Whales Take Over Oregon Coast Last Week in December
(Oregon Coast) - The yearly Winter Whale Week takes over the entire length of the Oregon coast during the last week of December, from December 26 to January 1, 2012. Dozens and dozens of volunteers will be posted at various high vantage points from 10 a.m. to 1 p.m. each day that week, as some 18,000 gray whales wander past on their winter migrations (above: Whale photo courtesy Whale Watch Center).
This massive migration has been going on for a while, as the grays are heading south from their summer feeding water in the Bering and Chukchi seas near Alaska to their breeding and calving lagoons along the Baja coast of California.
Gray whales aren't all you'll spot, either. Another 1,100 or so will be Humpback whales.
The Oregon Parks and Recreation Department, which coordinates the winter and spring whale watch weeks, said it is advising people to bring binoculars for this whale spotting expedition, as most of the whales are traveling three to five miles away from shore.
On the north coast, Whale Watch Week spots are at Ilwaco, Washington and at Ecola State Park in Cannon Beach. The Neahkahnie overlooks above Manzanita is the next closest vantage point.
Along the Three Capes Loop, the whale spotting spots are at Cape Meares, Cape Lookout (a 2.5 mile hike to the tip), both near Oceanside, and at Cape Kiwanda in Pacific City.
There's a huge number of them on the central coast, including the Inn at Spanish Head lobby on the 10th floor in Lincoln City. Between Depoe Bay and Newport sit the largest amount of them. In Newport, there's Don Davis State Park, in the historic Nye Beach neighborhood, and Yaquina Bay Outstanding Natural Area. Close by are a few other official sites: Boiler Bay State Park, Rocky Creek State Scenic Viewpoint, the state’s Whale Watching Center in Depoe Bay, Cape Foulweather and Devil's Punchbowl State Natural Area (both about five minutes south of Newport), are a short drive away.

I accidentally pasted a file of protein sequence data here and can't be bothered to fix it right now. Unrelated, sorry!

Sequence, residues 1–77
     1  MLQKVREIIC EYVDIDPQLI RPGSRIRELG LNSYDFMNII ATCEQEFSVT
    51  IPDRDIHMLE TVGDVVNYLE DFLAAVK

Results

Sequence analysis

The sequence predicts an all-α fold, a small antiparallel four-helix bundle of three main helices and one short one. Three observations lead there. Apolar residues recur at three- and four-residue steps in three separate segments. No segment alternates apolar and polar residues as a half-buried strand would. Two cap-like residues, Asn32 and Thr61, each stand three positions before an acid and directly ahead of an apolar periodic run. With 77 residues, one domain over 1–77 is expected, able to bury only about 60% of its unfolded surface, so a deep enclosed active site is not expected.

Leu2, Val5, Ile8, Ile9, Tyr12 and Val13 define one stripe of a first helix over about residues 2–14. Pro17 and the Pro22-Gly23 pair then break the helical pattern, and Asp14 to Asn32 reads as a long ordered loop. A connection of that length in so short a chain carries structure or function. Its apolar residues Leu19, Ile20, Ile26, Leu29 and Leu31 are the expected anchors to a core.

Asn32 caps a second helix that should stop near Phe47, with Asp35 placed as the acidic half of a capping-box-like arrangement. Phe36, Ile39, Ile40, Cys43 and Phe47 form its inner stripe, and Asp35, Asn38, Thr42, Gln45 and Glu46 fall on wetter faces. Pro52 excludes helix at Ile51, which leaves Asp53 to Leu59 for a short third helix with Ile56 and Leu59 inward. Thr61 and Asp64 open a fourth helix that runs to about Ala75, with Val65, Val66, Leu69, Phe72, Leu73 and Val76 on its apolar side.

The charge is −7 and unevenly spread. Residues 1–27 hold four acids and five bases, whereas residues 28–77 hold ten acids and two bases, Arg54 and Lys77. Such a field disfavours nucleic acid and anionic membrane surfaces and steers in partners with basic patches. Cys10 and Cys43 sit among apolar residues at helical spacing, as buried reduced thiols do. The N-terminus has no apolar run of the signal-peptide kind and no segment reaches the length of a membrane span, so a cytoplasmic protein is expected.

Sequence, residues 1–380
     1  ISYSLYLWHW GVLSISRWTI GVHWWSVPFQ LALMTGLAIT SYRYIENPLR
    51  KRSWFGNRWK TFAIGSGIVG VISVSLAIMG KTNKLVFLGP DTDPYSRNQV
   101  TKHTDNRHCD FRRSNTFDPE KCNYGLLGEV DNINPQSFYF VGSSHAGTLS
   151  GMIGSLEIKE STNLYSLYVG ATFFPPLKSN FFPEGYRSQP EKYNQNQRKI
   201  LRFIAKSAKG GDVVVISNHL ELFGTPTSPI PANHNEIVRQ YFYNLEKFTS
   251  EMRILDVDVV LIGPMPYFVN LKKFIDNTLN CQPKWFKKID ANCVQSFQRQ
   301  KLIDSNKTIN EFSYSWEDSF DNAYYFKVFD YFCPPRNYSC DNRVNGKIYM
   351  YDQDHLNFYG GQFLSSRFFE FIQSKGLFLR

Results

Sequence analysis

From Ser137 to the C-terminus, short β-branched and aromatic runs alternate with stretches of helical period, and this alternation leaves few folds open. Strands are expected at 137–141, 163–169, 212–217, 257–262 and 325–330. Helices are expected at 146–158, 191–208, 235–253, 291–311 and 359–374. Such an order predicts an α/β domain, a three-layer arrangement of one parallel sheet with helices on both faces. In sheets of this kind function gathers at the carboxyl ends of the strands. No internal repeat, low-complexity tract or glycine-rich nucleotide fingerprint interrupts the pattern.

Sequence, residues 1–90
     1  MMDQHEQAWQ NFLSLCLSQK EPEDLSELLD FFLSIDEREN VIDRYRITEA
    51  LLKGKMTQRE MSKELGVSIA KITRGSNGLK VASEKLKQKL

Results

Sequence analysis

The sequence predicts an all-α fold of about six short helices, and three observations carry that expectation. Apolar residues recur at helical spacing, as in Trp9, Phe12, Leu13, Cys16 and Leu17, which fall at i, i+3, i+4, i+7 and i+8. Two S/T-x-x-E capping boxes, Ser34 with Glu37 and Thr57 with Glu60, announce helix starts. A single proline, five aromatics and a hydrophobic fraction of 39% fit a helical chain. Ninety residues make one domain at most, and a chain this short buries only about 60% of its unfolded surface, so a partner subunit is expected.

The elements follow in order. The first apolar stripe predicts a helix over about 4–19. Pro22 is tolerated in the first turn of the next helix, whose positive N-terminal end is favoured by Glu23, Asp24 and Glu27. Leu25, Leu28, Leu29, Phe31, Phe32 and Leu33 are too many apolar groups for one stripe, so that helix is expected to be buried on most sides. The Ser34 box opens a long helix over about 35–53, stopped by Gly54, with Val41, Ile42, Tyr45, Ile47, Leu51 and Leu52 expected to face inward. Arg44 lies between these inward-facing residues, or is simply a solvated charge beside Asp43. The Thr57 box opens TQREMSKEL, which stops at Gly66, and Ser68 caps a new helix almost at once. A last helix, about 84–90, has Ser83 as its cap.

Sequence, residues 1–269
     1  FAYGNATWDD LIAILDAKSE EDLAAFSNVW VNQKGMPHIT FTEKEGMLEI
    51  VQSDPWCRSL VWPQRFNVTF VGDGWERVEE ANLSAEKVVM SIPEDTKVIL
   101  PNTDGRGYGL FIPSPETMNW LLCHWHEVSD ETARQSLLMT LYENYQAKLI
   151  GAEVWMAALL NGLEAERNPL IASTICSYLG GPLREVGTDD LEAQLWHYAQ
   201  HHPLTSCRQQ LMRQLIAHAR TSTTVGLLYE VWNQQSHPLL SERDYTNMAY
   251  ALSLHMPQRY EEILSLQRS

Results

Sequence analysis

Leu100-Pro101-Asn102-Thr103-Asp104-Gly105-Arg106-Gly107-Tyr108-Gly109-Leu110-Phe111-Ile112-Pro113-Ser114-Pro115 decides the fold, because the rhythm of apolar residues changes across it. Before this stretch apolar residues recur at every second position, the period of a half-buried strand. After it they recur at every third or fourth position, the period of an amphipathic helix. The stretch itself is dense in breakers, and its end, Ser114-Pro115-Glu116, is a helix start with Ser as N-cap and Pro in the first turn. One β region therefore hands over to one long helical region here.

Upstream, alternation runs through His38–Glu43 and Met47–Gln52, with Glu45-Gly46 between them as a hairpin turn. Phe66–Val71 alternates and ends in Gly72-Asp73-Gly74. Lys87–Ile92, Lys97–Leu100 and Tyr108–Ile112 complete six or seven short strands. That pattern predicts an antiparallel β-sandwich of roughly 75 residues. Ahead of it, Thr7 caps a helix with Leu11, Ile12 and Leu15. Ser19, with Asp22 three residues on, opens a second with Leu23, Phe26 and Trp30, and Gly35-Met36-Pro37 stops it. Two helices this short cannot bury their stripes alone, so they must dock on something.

Near Yachats, there is Cape Perpetua and the Cook's Chasm Turnout. Sea Lion Caves, near Florence, is the next one if you're heading south.
On the southern Oregon coast, there is the Umpqua Lighthouse, Shore Acres State Park, Face Rock Wayside, Battle Rock in Port Orford, Harris Beach in Brookings, and one in Crescent City, California.
Newport has a few extras as well, with the Hatfield Marine Science Center offering storytelling, interpretive programs and other events during Whale Watch Week, many of which center around local whale populations.(http://hmsc.oregonstate.edu/visitor/).
Special programs happen every day between 10 a.m. And 4 p.m. at the Hatfield, from December 26 – 31. At 1:30 p.m., there are marine mammal programs in the Hennings Auditorium featuring hands-on whale biofacts such as baleen and skulls. There are various ongoing marine mammal displays and exhibits, a marine mammal video in the auditorium, and you can keep up with local gray whale sightings by checking their posted lists. The Hatfield is open daily from 10 am – 4 pm for this special Whale Watch Week event.
Hatfield Marine Science Visitor Center . 2030 S. Marine Science Drive. Newport, Oregon. 541-867-0226.
While the Whale Watch Week is the human spotlight on the watery beasties, the migrations continue well into January and sometimes early February. Then they disappear for a while until the spring migration in March.
Whale in Seaside - courtesy Seaside Aquarium
Whale fin, courtesy Whale Watch Center
Video of whales spouting at Depoe Bay
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